Washed, dried, powdered, fermented, and distilled; each bottle of whisky is perfected to make each sip an indelible moment. Whiskies are of many kinds, based on the base product, alcoholic content and quality. Malt, grain, single malt, blended malt, cask, single cask etc. roughly make up the whisky family.
Whisky has been in the world for a long time, precisely from the second century BC. It is first believed to have brewed in Mesopotamia. The art of distillation spread to Ireland and Scotland in about the fifteenth century but this was used for medicinal purposes. Even in medieval India, alcohol was reported to be used as an anaesthetic for surgical purposes. Even though it was considered a taboo to consume alcohol in the Britain and other parts of Europe, it was finally James IV of Scotland who broke the ice by ordering several gallons of whisky from the monasteries, who monopolised the art of distilling. But with the dissolution of the monasteries by Henry VII, distilling and whisky making moved to homes. Even then whiskies were not allowed to age and thus had a bitter taste. Finally in the year of 1606, the Bushmill old distillery was given the license to brew the Irish whisky and the distillation later evolved into a much sought out fashion and whiskies became a daily business with the Act of Union which officially brought forth the United Kingdom.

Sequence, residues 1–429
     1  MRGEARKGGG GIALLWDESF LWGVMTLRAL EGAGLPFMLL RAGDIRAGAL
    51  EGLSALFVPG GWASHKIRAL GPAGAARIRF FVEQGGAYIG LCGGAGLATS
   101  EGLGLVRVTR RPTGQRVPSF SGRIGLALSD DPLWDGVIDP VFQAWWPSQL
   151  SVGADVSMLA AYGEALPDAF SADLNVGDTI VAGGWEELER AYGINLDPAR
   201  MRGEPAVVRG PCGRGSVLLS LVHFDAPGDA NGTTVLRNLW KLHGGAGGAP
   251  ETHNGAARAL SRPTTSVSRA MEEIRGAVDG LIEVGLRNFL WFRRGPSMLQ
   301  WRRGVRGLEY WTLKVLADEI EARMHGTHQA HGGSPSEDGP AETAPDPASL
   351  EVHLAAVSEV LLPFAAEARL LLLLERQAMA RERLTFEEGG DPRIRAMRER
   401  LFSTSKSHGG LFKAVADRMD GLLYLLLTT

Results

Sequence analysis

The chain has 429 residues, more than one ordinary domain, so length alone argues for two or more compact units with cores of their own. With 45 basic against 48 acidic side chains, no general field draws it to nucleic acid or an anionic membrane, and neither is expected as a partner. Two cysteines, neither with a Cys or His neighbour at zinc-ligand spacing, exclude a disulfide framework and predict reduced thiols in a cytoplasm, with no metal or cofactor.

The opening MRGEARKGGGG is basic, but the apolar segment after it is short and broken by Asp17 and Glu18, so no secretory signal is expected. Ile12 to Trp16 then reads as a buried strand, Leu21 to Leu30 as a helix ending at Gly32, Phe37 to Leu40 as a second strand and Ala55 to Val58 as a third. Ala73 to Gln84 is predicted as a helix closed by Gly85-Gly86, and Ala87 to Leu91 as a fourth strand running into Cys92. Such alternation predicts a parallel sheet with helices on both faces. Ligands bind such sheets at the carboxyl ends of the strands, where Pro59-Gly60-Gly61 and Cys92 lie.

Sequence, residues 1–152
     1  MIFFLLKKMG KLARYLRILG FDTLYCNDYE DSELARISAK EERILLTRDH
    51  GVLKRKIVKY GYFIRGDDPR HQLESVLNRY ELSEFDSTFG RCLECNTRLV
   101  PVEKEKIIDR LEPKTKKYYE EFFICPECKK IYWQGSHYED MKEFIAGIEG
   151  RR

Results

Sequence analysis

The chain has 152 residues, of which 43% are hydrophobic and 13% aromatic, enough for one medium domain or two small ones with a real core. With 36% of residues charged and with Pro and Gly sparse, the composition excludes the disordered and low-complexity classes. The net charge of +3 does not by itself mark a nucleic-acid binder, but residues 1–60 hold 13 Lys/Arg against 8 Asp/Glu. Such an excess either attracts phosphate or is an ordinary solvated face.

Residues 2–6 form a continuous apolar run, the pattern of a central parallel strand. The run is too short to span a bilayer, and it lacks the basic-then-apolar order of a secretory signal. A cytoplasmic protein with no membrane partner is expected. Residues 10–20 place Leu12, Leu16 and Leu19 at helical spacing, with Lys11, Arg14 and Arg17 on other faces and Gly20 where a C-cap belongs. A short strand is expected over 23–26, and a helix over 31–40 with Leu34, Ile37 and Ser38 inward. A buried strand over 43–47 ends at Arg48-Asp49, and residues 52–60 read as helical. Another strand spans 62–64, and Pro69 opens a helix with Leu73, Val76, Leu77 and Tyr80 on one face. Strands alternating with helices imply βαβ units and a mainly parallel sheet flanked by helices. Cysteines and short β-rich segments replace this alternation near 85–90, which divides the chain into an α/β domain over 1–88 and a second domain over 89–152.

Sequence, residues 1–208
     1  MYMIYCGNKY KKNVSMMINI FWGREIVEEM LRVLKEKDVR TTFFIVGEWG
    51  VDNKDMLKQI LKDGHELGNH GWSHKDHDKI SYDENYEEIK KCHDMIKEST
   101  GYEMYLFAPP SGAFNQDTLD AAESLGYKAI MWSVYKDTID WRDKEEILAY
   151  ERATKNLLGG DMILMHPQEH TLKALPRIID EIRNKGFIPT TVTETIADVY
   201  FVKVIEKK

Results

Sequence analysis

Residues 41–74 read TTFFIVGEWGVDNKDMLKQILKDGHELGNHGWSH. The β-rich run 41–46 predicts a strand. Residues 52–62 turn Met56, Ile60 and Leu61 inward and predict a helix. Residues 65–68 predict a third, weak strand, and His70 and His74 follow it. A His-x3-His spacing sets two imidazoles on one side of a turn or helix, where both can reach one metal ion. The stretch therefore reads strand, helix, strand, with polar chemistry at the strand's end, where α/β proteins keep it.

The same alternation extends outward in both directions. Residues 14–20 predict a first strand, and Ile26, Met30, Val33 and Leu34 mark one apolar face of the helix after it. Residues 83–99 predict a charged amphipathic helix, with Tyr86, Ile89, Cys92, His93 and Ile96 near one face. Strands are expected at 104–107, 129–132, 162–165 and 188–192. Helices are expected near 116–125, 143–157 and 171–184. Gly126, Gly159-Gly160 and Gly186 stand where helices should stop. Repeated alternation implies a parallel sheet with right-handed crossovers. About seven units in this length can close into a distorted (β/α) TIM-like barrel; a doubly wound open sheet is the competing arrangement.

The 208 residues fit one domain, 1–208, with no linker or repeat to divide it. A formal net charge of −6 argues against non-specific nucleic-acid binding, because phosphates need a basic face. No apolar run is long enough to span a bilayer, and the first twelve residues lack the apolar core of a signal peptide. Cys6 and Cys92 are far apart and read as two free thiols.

With more people set on finding exciting new ways to enjoy their alcohol, booze in the kitchen is gaining popularity fast. Forget about wine and beer, those sure are sweet and fruity but incorporating whisky into your meal speaks to your boldness and sophistication. It is no secret the Dutch love their whisky.
In 2016 alone, the value of imported scotch whisky according to Statista amounted to € 106,512,000. Not to mention events like Live The Hague; where the best whisky brands in the world, underline world, convene for 3 days to showcase and enhance the whisky culture. Talk of 15,000 people talking, tasting and breathing whisky for 3 days! So you might be wondering, what are best whiskies for cooking and how exactly can you pair your favorite glass of whisky with a barbecued meal? Bourbons, single malts, rye and pot-still whiskies are the best contenders in the kitchen. As of the latter, how to pair them with a meal, read on.
This month’s whisky tasting at The Abbey saw a visit from Glenmorangie. Margaux de Blomac, from the owners Moët Hennessy, was joined by Paul from the production team at the distillery.
We started by tasting the trademark ten-year-old Original Glenmorangie. This whisky has changed little in recent years since the distillery was taken over by its current owners. To the nose are the familiar honeyed notes with a hint of almonds and coconut. The palate is treated to what is a mainstream Highland Whisky. Smooth with a light floral fragrance and the merest notes of citrus. Again a sweetness of honey. The finish is warming with a little touch of bitterness. As always an ideal dram to be enjoyed at any time of the day. ABV 40%.
This month the regular whisky testing at The Abbey featured the new range of Jura whisky. The well-respected Prophecy, Origin and Superstition have been replaced by this new range.